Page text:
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Evaluate $$\int_0^\infty f(x)\delta(x-1)dx$$where$$f(x)=\begin{cases}x^2,&0\le x<1\\\sin 2,&x=1\\x,&x>1\end{cases}$$

Attempt

Since the function is discontinuous at $1$, I couldn't directly say the answer would be $f(1)$. I considered the $\delta$-sequence$$\delta_k(x-1)=\begin{cases}\frac k2,& |x-1|<1/k\\0,&\text{otherwise}\end{cases}\\\int_0^\infty f(x)\delta_k(x-1)dx=\frac k2\Big[\int_{1-1/k}^1x^2dx+\int^{1+1/k}_1xdx\Big]\\=1+\frac12\Big(\frac1{3k^2}-\frac1{2k}\Big)$$

Then taking the limit as $k\to\infty$, I got the answer as $1$, which seems correct intuitively as it is the limit of the function at $x=1$. But the answer key gives the answer $\sin 2=f(1)$.

Is the key wrong or am I missing something?

Edit

The book defines the Dirac $\delta$ function (also called impulse function) $\delta(t)$ as the limit of a sequence of functions $\{\delta_k(t)\}$, where $$\int_{-\infty}^\infty\delta_k(t)dt=1$$For example,$$\delta_k(t)=\begin{cases}\frac k2,&|t|<1/k\\0,&\text{otherwise}\end{cases}$$is one such sequence. Then it goes on to say that the Dirac $\delta$ function can be understood as the generalized function$$\delta(t)=\begin{cases}0,&t\ne0\\\infty,&t=0\end{cases}$$For continuous functions in $[0,\infty)$ and $a\ge0$,$$\int_0^\infty f(t)\delta(t-a)=f(a)$$

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  • $\begingroup$ What is your definition of $\delta$? (for discontinuous functions, I mean) $\endgroup$ – Klaus Feb 19 at 13:59
  • $\begingroup$ I'm not sure whether the initial integral is well defined in distribution theory. Suppose you modify it slightly so that the limit of $f$ for $x \rightarrow 1$ differs for $x>1$ and $x < 1$. What value do you expect to see? A discontinuous function is not a suitable test function as far as I know. $\endgroup$ – quarague Feb 19 at 14:07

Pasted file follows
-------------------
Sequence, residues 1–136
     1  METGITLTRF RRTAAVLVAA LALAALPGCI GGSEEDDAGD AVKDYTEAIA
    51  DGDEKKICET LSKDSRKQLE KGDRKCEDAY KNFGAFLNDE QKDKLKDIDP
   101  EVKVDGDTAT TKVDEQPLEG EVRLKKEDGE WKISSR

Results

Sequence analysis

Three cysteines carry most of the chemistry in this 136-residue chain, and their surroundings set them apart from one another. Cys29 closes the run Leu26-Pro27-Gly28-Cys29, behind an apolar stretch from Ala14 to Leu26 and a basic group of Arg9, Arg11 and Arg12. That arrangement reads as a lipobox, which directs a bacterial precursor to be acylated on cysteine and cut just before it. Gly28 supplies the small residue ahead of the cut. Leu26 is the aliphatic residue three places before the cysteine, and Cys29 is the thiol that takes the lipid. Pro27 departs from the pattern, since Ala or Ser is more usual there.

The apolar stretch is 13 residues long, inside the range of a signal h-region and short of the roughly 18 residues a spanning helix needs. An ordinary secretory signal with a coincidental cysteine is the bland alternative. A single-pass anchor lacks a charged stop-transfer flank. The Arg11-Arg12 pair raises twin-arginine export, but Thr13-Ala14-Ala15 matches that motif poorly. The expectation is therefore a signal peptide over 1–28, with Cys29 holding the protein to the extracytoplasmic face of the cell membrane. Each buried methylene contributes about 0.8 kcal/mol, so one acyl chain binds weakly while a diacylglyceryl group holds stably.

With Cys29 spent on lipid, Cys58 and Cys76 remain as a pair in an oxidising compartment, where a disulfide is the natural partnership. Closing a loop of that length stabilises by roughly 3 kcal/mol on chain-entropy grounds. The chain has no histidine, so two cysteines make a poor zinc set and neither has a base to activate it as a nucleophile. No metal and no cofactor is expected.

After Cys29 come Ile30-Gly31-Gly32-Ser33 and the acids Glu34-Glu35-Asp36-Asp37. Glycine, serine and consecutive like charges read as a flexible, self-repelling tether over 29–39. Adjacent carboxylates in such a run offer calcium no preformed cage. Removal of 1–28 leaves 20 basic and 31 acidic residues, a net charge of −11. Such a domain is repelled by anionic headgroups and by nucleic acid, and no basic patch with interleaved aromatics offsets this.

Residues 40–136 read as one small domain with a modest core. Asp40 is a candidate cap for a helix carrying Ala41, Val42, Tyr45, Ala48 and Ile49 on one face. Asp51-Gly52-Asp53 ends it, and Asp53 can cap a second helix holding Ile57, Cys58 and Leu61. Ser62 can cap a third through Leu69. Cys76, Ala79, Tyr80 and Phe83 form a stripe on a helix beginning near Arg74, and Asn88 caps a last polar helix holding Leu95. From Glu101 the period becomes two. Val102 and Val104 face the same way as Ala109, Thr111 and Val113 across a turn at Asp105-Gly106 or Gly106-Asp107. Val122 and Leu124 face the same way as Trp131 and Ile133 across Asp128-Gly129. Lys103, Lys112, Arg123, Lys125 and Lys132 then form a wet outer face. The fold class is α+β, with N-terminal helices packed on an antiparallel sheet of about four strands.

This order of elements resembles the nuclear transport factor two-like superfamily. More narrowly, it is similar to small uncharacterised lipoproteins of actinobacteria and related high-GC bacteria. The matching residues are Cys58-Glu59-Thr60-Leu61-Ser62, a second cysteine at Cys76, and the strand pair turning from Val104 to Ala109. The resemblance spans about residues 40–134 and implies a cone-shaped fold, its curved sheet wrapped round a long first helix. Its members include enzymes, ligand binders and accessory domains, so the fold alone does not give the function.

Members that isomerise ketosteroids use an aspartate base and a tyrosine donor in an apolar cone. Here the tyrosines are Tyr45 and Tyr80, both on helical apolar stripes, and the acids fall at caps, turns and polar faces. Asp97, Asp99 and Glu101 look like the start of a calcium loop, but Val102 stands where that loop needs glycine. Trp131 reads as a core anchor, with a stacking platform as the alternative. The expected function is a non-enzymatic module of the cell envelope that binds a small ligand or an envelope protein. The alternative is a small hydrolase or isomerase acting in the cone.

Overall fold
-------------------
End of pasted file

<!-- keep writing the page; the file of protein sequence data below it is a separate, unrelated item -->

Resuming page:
• $\begingroup$ I don't see how you can apply $\delta$ to that function since it's not in $C^{\infty}$? $\endgroup$ – Drefain Feb 19 at 14:22
  • $\begingroup$ @Klaus Please check the edit $\endgroup$ – Shubham Johri Feb 19 at 15:30
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    $\begingroup$ Which text book are you using? Defining $\delta$ as a limit of functions seems shady to me and your example shows how this runs into trouble. Looking at the wikipedia article, if you define it through measure theory, you get $f(1)$ as the answer immediately per definition. If you define it via integrals with test functions which is what I was thinking about, this looks more complicated but the answer should be the same as the definitions are equivalent. $\endgroup$ – quarague Feb 19 at 15:54
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The function $f$ has a removable discontinuity at $1$. Therefore, we have

$$\langle \delta_{1},f\rangle=\lim_{x\to 1}f(x)$$

To see this, we denote $\delta_n(x)$ as a regularization of the Dirac Delta, which for any suitable test function, $\phi(x)$, satisfies

$$\lim_{n\to \infty}\int_{-\infty}^\infty \delta_n(x)\phi(x)\,dx=\phi(0)$$

Now, suppose we have a function $f(x)$ that is of compact support and is smooth everywhere except at $1$ where it has a removable discontinuity. Let $g(x)$ be defined as

$$g(x)=\begin{cases}f(x)&,x\ne 1\\\\\lim_{x\to 1}f(x)&, x=1\end{cases}$$

Then, since $g$ is a suitable test functions we see that

$$\begin{align} \lim_{n\to \infty}\int_{-\infty}^\infty \delta_n(x-1)f(x)\,dx&=\lim_{n\to \infty}\int_{-\infty}^\infty \delta_n(x-1)g(x)\,dx\\\\ &=g(1)\\\\ &=\lim_{x\to 1}f(x) \end{align}$$

And we are done!


EXAMPLE:

As an example, suppose $\delta_n(x)$ is the asymmetrically centered pulse function, which for $a\in(0,1)$ given by

$$\delta_n(x)=\begin{cases}n&,x\in[-a/n,(1-a)/n]\\\\0&,\text{otherwise}\end{cases}$$

Then, we have

$$\begin{align} \lim_{n\to\infty}\int_{-\infty}^\infty \delta_n(x-1)f(x)\,dx&=\lim_{n\to\infty}\left(n\int_{1-a/n}^{1+(1-a)/n} f(x)\,dx\right)\\\\ &=\lim_{n\to\infty}\left(n\int_{1-a/n}^{1} f(x)\,dx\right)+\lim_{n\to\infty}\left(n\int_{1}^{1+(1-a)/n} f(x)\,dx\right)\\\\ &=a\lim_{x\to 1^-}f(x)+(1-a)\lim_{x\to 1^+}f(x)\\\\ &=\lim_{x\to 1}f(x) \end{align}$$

since the discontinuity at $1$ is removable and therefore the right-side and left-side limits are equal.


NOTE:

It is of paramount importance to understand that if $f$ has a removable discontinuity at $x_0$, then the functional $\langle \delta_{x_0},f\rangle =\lim_{x\to x_0}f(x)$ but if $f$ has a jump discontinuity at $x_0$, then the functional $\langle \delta_{x_0},f\rangle$ is not defined.

In fact, I showed in This Answer, that if $H$ is he Heaviside Function, then $\langle \delta_0,H\rangle $ is meaningless.

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  • $\begingroup$ Thank you for the detailed, well explained answer! This clears up a lot of things for me. $\endgroup$ – Shubham Johri Feb 23 at 7:23
  • $\begingroup$ You're welcome. My pleasure. I'm pleased that this was helpful. $\endgroup$ – Mark Viola Feb 23 at 16:02

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